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Page last updated at 06:25 GMT, Thursday, 10 September 2009 07:25 UK
Today: Thursday 10 September 2009

PLEASE NOTE: We are unable to offer transcripts for our programme interviews. Today is broadcast live and the running order is subject to change.

US President Barack Obama has made one of the most important speeches of his presidency, explaining his plans for healthcare reform to a joint session of Congress. The main challenger in the Afghan election has claimed the body carrying out the count is being manipulated by the incumbent President Hamid Karzai. And the image of a British grandmother on death row in America is to be put on the fourth plinth in Trafalgar Square in a plea to save her from execution.


Sir Michael Lyons, the chairman of the BBC Trust, has published an open letter to licence fee payers to say that as a result of a review of what the BBC does, the corporation may become smaller. Sir Michael discusses whether the BBC would prefer to give money back to the licence payer rather than share it with another broadcaster.


On the 25th anniversary of his discovery, the scientist behind DNA fingerprinting has called for a change to the law governing DNA databases. Correspondent Tom Feilden talks to Sir Alec Jeffreys about the implications of his breakthrough.


The kidnap of a reporter in Afghanistan - and the raid to free him that left an Afghan journalist, a British soldier and two civilians dead - has again highlighted the risks of covering the world's danger zones. Hugh McManners, a former Special Forces officer, explains what he thinks of the raid.

Business news with Adam Shaw.


Liverpool football fan Michael Shields, who has been freed after serving four years in prison for attacking a Bulgarian barman, has spoken of his "living hell". Former Bulgarian deputy prime minister Ivailo Kalfin discusses why the first pardon to a Briton convicted overseas was given to Mr Shields.

Sports news with Arlo White.


Failure to introduce healthcare reform has led the US to breaking point and it was now time to act, Barack Obama has said in a speech to Congress. North America editor Mark Mardell reflects on one of the most important speeches of Mr Obama's presidency.


A Conservative government will have much to learn from the way the party runs councils, shadow chancellor George Osborne is expected to say. Labour MP Denis MacShane and Christopher Hood, professor of government at All Souls College, Oxford, discuss how Downing Street can deal with budget restraints.

Today's papers.


The world's oldest "ring of bells" is being rung for the first time in 20 years. Correspondent Mark Worthington reports from Ipswich on the bells, which were cast in the 15th century and rang for centuries in a church which later fell into disrepair before being renovated.

Thought for the day with Canon Lucy Winkett, of St Paul's Cathedral.


"Innocent people do not belong on [the DNA] database, the scientist behind DNA fingerprinting says. Peter Neyroud, chief executive of the National Policing Improvement Agency, discusses whether branding citizens as "future criminals" is a proportionate response in the fight against crime.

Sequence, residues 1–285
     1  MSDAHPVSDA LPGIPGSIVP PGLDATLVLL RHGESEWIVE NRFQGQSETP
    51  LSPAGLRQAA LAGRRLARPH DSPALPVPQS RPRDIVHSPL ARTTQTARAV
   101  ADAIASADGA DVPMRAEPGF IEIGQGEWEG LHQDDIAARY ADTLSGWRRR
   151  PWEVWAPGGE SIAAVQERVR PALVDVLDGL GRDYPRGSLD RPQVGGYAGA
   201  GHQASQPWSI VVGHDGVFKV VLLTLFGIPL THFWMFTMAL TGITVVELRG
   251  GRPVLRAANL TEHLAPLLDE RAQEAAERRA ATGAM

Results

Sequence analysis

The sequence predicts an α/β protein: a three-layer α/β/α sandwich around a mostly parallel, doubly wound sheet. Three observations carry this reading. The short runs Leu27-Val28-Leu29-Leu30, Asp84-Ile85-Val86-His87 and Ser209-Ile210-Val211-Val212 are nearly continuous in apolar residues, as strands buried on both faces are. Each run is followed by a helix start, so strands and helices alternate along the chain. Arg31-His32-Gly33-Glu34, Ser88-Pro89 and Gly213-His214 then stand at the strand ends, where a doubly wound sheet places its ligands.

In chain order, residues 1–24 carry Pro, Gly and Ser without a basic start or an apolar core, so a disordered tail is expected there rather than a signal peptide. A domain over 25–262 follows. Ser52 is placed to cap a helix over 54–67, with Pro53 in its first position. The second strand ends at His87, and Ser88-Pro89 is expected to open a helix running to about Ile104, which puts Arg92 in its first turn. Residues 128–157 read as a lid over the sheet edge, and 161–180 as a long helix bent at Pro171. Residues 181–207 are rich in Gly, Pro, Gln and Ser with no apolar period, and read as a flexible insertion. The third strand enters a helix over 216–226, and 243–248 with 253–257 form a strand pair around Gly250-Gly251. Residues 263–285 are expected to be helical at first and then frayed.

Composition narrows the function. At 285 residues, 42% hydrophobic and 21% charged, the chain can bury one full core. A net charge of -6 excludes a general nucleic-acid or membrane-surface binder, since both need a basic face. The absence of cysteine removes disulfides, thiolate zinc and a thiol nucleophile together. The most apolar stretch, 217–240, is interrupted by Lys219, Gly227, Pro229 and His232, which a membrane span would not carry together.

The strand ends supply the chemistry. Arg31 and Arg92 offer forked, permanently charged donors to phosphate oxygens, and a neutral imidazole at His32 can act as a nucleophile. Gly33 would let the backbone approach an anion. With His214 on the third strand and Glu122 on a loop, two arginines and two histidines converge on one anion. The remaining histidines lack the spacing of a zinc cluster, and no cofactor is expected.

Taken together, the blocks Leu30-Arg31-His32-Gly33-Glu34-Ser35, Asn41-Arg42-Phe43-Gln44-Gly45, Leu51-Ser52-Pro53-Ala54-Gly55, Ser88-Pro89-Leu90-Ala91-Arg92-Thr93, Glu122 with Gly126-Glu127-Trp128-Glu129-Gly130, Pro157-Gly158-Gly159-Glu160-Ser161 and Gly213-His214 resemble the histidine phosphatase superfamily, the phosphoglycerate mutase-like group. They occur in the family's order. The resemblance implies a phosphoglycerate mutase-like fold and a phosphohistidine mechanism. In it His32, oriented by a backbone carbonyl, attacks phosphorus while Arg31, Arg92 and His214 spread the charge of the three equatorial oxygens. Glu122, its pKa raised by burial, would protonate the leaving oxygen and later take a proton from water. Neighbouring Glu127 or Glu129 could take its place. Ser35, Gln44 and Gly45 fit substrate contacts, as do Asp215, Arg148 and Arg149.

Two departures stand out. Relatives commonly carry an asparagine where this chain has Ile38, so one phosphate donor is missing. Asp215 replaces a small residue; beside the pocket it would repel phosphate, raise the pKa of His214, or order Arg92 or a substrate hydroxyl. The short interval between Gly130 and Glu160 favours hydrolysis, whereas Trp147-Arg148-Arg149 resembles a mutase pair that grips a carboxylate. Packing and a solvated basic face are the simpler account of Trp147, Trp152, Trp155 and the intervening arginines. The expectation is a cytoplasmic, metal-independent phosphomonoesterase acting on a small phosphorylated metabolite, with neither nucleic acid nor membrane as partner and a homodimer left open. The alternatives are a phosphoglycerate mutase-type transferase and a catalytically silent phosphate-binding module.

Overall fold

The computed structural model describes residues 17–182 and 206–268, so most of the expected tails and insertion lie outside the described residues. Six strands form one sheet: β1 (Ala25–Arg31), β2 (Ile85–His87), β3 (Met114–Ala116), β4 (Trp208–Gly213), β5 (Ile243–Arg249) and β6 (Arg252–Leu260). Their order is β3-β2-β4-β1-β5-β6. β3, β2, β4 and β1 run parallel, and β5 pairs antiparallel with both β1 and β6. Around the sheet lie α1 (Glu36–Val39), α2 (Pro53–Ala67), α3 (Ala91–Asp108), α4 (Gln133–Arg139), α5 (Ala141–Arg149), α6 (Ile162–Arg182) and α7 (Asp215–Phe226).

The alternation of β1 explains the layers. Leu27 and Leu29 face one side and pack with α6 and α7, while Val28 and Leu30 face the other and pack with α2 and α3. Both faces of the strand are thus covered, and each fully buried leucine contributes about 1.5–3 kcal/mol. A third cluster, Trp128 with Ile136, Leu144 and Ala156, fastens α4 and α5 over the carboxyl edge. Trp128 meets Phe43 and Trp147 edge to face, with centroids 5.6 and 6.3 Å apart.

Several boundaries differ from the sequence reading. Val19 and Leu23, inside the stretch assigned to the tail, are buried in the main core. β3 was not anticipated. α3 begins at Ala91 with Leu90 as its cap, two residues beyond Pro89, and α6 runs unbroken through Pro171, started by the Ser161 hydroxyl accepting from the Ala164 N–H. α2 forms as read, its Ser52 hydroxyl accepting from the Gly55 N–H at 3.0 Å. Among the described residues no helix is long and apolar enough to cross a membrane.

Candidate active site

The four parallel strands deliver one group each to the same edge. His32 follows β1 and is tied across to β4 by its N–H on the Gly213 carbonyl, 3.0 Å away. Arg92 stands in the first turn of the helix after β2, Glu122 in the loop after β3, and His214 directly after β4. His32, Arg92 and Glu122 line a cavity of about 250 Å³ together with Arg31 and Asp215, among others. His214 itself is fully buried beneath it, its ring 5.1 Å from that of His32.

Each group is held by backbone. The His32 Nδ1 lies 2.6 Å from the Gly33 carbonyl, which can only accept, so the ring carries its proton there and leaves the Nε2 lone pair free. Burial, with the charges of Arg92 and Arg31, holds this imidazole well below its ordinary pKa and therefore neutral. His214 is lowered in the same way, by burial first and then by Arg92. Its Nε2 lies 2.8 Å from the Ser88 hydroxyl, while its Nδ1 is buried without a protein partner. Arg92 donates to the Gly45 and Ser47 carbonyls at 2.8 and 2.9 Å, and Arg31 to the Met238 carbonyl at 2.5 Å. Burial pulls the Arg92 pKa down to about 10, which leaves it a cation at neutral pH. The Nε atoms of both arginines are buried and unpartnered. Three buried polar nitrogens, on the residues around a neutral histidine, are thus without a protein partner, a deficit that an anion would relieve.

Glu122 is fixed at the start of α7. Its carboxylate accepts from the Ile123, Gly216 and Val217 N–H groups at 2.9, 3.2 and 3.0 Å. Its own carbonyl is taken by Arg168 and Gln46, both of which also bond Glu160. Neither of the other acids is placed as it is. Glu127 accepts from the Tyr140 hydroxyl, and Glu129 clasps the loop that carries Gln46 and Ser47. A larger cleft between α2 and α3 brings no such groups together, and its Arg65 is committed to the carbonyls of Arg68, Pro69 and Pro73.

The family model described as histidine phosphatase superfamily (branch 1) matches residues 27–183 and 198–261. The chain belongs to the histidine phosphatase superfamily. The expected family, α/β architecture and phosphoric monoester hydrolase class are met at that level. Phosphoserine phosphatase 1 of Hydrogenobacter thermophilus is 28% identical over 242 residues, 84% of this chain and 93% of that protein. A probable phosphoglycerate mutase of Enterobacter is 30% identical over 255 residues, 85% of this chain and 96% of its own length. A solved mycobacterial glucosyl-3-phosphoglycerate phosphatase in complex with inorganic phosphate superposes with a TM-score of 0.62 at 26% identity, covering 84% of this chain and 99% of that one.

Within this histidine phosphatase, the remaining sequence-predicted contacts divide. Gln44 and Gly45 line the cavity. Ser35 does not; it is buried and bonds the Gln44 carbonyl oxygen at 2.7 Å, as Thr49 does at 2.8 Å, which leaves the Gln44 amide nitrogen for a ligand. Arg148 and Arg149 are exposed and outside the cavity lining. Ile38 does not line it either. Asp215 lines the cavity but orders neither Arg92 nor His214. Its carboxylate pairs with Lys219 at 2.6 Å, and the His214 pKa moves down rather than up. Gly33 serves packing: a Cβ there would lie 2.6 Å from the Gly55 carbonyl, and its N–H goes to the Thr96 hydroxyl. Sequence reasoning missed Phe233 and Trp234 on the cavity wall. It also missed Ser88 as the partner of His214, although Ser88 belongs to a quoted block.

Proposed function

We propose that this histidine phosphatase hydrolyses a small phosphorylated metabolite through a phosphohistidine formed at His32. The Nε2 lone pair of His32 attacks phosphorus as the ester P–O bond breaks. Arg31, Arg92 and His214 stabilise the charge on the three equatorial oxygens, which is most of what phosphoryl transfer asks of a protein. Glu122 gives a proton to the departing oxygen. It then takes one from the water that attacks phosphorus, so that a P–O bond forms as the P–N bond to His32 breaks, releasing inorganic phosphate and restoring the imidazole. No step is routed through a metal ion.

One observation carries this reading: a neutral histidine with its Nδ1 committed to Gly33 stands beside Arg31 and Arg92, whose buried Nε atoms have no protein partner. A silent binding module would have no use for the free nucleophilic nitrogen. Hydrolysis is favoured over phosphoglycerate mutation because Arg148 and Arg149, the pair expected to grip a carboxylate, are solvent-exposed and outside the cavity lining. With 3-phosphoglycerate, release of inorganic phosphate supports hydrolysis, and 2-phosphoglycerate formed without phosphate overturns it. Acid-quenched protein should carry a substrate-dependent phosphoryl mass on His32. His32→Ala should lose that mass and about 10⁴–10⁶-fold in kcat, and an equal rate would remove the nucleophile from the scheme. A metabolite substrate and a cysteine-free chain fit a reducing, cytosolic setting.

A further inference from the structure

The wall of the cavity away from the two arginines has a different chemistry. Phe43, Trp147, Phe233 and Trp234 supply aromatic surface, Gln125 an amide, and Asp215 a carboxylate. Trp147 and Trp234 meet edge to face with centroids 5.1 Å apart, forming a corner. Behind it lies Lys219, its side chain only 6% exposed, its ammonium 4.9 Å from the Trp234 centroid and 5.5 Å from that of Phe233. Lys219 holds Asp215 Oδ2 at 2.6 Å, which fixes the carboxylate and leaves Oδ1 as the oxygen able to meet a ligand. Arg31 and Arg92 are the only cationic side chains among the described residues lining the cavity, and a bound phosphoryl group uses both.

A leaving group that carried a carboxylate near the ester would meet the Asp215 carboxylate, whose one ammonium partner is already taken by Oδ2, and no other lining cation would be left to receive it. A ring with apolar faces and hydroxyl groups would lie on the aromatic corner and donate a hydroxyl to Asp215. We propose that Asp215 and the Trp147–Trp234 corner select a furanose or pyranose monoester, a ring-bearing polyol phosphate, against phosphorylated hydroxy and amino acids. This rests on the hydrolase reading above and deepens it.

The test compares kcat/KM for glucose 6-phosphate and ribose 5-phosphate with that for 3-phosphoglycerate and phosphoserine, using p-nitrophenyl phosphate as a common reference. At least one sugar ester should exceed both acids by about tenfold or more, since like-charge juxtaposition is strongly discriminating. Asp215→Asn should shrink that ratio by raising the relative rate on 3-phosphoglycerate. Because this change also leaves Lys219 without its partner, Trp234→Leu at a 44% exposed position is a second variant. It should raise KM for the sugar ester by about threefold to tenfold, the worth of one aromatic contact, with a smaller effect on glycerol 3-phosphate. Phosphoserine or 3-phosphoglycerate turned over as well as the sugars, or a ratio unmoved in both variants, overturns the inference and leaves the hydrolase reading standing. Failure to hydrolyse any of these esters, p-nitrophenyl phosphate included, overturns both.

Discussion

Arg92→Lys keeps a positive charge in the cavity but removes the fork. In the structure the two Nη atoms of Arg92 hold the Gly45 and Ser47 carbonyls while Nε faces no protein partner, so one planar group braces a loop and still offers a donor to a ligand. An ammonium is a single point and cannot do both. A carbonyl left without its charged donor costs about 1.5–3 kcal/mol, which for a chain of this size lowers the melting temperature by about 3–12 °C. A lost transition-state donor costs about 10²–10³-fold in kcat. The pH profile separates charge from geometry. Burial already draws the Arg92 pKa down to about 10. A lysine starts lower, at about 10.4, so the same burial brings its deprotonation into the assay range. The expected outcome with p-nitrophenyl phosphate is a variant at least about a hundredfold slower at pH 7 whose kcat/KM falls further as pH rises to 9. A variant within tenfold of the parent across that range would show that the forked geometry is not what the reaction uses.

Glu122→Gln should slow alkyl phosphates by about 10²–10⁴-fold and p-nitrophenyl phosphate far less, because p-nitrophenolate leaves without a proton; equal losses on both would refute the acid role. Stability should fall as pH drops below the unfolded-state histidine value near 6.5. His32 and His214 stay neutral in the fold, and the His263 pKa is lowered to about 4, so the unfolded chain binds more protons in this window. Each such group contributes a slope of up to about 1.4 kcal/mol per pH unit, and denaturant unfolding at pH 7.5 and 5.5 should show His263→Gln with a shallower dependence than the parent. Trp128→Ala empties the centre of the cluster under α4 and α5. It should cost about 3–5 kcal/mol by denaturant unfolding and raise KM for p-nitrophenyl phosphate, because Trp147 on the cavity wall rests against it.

About half of television licence fee payers would want the charge to be smaller if given the option, an independent poll commissioned by the BBC Trust has found. Media consultant Peter Bazalgette, and David Elstein, former chief executive of television channel Five, discuss what could be cut from the BBC's spending.


The main challenger in the Afghan election has claimed the body carrying out the count is being manipulated by the incumbent President Hamid Karzai. Correspondent David Loyn discusses his interview with Abdullah Abdullah and his claims that the election commission was on the president's side.


Is there a life after death? David Eagleman, a neuroscientist at the Bayern College of Medicine in Texas, has explored 40 very different and imaginative scenarios of what might happen next. He describes some of his suggestions - ranging from God being a bacterium who is unaware of our existence, to an afterlife where we are surrounded only by people we met in our real lives.

Sports news with Arlo White.


US President Barack Obama has made one of the most important speeches of his presidency, as he faced Congress over his plans for healthcare reform. Republican strategist Matt Mackowiak and Prof James Morone, of Brown University, discuss how the president fared.

Business news with Adam Shaw.


There are fresh hopes for Iran's proposals to resolve its dispute with the West over its nuclear programme, the UN ambassador to the US says. Correspondent Jeremy Bowen reports on the latest talks between Iran and the UN. Author Hooman Majd discusses whether Americans understand the Iranian psyche.


"It makes you really wonder whether [journalist Steve Farrell] was worth rescuing, whether it was worth the cost of a soldier's life", a senior Army source is quoted as saying in The Daily Telegraph. Vaughan Smith, a former soldier and freelance cameraman, and BBC correspondent Jeremy Bowen discuss the journalist whose rescue in Afghanistan left a British soldier dead and what risk is a risk worth taking for a great story.


Poverty in parts of Britain is as bad as in Dickens' times, the president of the Association of Teachers and Lecturers says. Lesley Ward explains her description of a deprived underclass of children who arrive at school unable to dress themselves or use a knife and fork and some even unable to use a toilet properly.


It is the 25th anniversary of the discovery of the DNA footprint. Author Ian Rankin and Julian Baggini, editor of The Philosophers' Magazine, discuss how much society has been changed by the discovery of DNA.

Sarah and Jim's review
Thursday, 10 September 2009, 10:46 GMT |  Today


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